“Hard to believe,” he finished her thought. His face tensed for a moment, before he seemed to resign himself to her continued questions. Wolfram looked away for a moment, pained at some recollection. “I said the same thing to my grandfather long ago.”
“Not only that,” she continued to frown. “But inconsistent. There is no one version of any story — even the most common–”
“My grandfather came to a theory that the versions eventually point to a true one. I do not know if that is the explanation for the differences in stories and attitudes towards them that have arisen in our different homelands. But to the old families of the Northlands, the tales we tell are not only stories of the people who have gone before but of those who exist now and are to come.”
Elanore shook her head. The religious orders of the Eastlands did not look kindly upon fairy stories. The more extreme factions held any person who spent too much time talking about fables and stories to be fools; those who believed them histories were likely to be excommunicated and exiled from the city-states of the East. To take that one degree further by allowing the stories to be tales of the future would be considered far beyond being heresy.
However, she was a southerner; the sentiments of the Eastlands or the Northlands didn’t matter much to her. She did not reject the idea outright.
“I can tell you think it’s mad,” he brooded. “But Miss Redley, consider that you– who had only heard of elves in stories — believe in them now.”
She looked down at her hands, admitting more or less that she did.
He continued rambling along, a bit desperately. “And could it not be that once you accept one story as true, that you must begin to examine others?”
The woman continued not to speak, still thinking through his points.
The Count mistook her lack of response for doubt. “It is, as I feared, too much for you to even consider,” he said to himself before falling silent.
Elanore reflected carefully. The Count had admitted he once had doubts about the idea but spoke now as if he had somehow been convinced otherwise. “Does that mean you’ve determined some of these stories to be true?”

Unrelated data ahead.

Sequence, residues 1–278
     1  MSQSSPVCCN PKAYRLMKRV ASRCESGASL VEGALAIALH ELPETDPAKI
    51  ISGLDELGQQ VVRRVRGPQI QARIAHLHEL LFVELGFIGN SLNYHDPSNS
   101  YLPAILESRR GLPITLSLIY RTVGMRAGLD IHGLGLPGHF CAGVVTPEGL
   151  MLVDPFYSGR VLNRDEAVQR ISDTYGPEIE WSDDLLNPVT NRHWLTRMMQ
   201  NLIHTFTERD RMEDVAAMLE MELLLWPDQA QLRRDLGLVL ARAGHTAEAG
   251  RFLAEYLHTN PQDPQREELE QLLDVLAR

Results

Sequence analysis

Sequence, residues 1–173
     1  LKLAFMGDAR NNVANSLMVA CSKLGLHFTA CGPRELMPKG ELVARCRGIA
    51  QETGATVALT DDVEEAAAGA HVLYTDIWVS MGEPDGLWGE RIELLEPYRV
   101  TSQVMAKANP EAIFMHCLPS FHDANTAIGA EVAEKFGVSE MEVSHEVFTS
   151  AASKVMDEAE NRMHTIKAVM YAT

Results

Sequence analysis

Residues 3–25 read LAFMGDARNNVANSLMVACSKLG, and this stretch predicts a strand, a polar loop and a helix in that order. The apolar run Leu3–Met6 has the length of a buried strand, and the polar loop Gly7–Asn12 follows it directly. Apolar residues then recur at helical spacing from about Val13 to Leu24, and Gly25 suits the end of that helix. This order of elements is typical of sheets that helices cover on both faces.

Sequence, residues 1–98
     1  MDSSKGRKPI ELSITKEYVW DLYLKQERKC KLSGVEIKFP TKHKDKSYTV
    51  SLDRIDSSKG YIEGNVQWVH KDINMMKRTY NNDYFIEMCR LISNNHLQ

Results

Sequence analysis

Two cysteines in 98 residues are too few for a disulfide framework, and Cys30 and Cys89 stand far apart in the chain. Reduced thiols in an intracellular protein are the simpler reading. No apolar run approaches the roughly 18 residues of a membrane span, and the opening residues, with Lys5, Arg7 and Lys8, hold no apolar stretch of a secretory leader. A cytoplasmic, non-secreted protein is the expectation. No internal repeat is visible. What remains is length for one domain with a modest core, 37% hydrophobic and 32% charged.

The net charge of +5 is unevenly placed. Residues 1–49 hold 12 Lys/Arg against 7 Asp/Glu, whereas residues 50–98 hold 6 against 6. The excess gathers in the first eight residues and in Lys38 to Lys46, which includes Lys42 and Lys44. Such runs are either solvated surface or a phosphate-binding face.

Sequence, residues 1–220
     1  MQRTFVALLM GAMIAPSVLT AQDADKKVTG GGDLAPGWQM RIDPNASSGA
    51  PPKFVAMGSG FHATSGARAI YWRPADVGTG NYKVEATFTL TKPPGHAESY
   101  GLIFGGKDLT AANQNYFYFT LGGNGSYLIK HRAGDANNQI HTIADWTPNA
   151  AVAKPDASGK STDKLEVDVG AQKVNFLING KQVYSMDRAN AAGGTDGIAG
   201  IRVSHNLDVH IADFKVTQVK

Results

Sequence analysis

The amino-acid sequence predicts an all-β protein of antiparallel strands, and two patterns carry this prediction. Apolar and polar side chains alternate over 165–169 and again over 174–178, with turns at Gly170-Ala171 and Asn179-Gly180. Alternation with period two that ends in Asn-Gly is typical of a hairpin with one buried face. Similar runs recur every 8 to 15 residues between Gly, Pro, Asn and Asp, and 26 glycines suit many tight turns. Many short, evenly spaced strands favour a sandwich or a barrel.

Her words seemed to revive his spirits. “My grandfather actually did a considerable amount of work to examine this idea. He seemed quite confident that he had matched two stories to real accounts.”
“Are you saying that the book you hold is somehow different?” Elanore pondered his earlier question to her about fate. “–That it is not merely an account of history, but a book of divination or prophecy?”
He set his mouth. “I can not make that claim. The editor of this book is silent on the method of interpreting this book. However, my grandfather did not read the stories as literal accounts of things past or to come, but more along the lines of allegory or analogy. He believed that the concepts, the choices made by the principles actors, and the consequences within each story would match to real stories in the past or to come. The details, however, might be altered by the editor for reasons of their own choosing.”
“But what of the other accounts in other collections of tales,” she countered. “Why are those not equally true or likely to become true?”
“I am not sure that they are not,” he admitted. “However, the two tales he validated are unique versions to this book, as far as I know.” Count Wolfram paused for a moment. His face betrayed some inner struggle before he continued sharing information. “The specific issue of authorship was something quite exciting to him. Typically most books circulating in this part of the Northlands originate from the East. This volume,” he noted, “came not from human traders, but the minstrel elves, who said it had been obtained in the Golden City, their capital far west. They insist that the author of this book and its various copies were not written by the hand of an elf but an immortal.”
Elanore looked at the book with a renewed sense of interest. “Is the identity of this so-called immortal author known?”
He pursed his lips. “It is not.”
“Yet another puzzle,” she thought aloud to herself. It was the sort of scholarly conundrum that would have delighted her grandfather. “And yet there is a commonality with other books, you believe?”
“In many parts, yes.”
She sorted through the various statements, the ideas that the man was asserting. “The wise woman who trained me once said that certain common themes and messages in different religions suggested the possibility of a common origin and possibly the existence of a universal truth—“
He rewarded her with a quick nod. “In a sense, shared story elements and themes may also point to a common source. That many scholars and readers will acknowledge willingly. But—the key difference is that this editor of this book asserts the stories within to be based on true accounts not fiction.”
“It would be interesting to reread these stories with that idea in mind,” she considered aloud.
His face drew itself into a thoughtful expression and he looked as if he wanted to ask something. However, he appeared to change his mind. “Perhaps we will be able to discuss them further, should you agree to it.”